Surrounding the tendon insertions is the bicipitoradial bursa.7,8,10,12 This structure is of great clinical importance in endoscopic evaluation of the distal tendon after injury. Eames and Bain10 found that the bursa encircled the tendons in all cases of their anatomic study. They observed that the bursa was easily distended by approximately 7 mL of normal saline from its deep radial side. The bursa drapes over the tendons, is teardrop shaped, and lies between the groove in the brachialis muscle and the distal tendons with the elbow extended and between the proximal radius and biceps tendon during pronation (Fig. 14-3).8,10


History and Physical Examination

Complete tears of the distal biceps tendon are uncommon, accounting for 3% of all tears involving the biceps.15 Partial tears are less common, but descriptions of this type of tear in the literature is increasing, probably as recognition of the pathology improves. Maintaining clinical suspicion of tears of the distal tendon (particularly partial tears) is likely key, particularly in the presence of sometimes very subtle clinical signs.

The age of presentation of patients with partial tears is slightly higher than that of those with complete tears—mid-50s and mid-40s, respectively.10,13 Almost all complete tears reported in the literature have occurred in male patients, whereas partial tears have been reported for both sexes.13

In complete and partial tears, the dominant limb is most often affected.4 In the case of complete tears, the injury occurs through sudden, forced, eccentric contraction of the biceps muscle, such as a sudden and unexpected extension load on a flexed elbow.4,6,10,13 Partial tears are associated with mixed etiologic factors.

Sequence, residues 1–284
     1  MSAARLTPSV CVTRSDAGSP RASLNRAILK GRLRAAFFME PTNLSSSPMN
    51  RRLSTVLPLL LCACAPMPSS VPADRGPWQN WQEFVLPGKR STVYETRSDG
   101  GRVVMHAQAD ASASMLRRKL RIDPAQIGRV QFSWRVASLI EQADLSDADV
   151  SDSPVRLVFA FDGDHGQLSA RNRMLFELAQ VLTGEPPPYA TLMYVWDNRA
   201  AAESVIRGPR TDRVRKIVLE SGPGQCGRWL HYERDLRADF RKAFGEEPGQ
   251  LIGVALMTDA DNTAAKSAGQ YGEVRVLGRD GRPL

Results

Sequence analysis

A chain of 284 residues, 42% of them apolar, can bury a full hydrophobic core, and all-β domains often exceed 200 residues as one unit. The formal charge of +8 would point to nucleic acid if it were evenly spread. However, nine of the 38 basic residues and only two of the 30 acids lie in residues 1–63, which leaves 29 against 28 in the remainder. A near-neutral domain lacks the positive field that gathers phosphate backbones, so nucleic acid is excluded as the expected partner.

Partial tears are caused by acute traumatic and chronic degenerative mechanisms.1,2,4,13 The mechanism of injury of acute partial tears is the same as for complete tears, but the force causing the injury is interrupted before complete avulsion occurs. Various mechanisms for degeneration have been proposed, including abnormal friction forces, impingement, repetitive strain with supination and pronation, and vascular changes in the tendons.4,10 It is our experience that degenerate tears of the biceps tendon can occur in the older patient and occurs more often in female patients.

The patient often reports pain in the antecubital fossa, weakness of flexion or supination and possible limitation of elbow range of motion, particularly flexion.1-6,8,10,13 Inspection may reveal swelling and bruising at the antecubital fossa. This can be an inconsistent finding, particularly in partial tears.4 Tenderness is elicited on palpation of the antecubital fossa. Pain with resisted supination is a common finding. With complete ruptures, the distal biceps tendon is not palpable in the antecubital fossa, and the physician must be careful that the biceps tendon is being examined, not mistakenly an intact lacertus fibrosus.

The hook test for distal biceps was described by O’Driscoll and colleagues.14 While the patient actively supinates with the elbow flexed 90 degrees, a positive hook test result permits the examiner to hook his or her index finger under the intact biceps tendon from the lateral side. With an abnormal hook test result, indicating distal avulsion, there is no cordlike structure under which the examiner may hook a finger (Fig. 14-4).14 The hook test is highly sensitive and specific for complete tears of the distal biceps tendon (as good as or better than magnetic resonance imaging), and it is easy to perform.

A large area of bursitis can compress the median nerve3 and may produce neurologic signs distally. Imaging can differentiate other diagnoses in the absence of trauma (e.g., antecubital lipoma, other tender lesions) from distal biceps tendinitis or bursitis.

Jun 19, 2016 | Posted by in MUSCULOSKELETAL MEDICINE | Comments Off on Endoscopic Distal Biceps Repair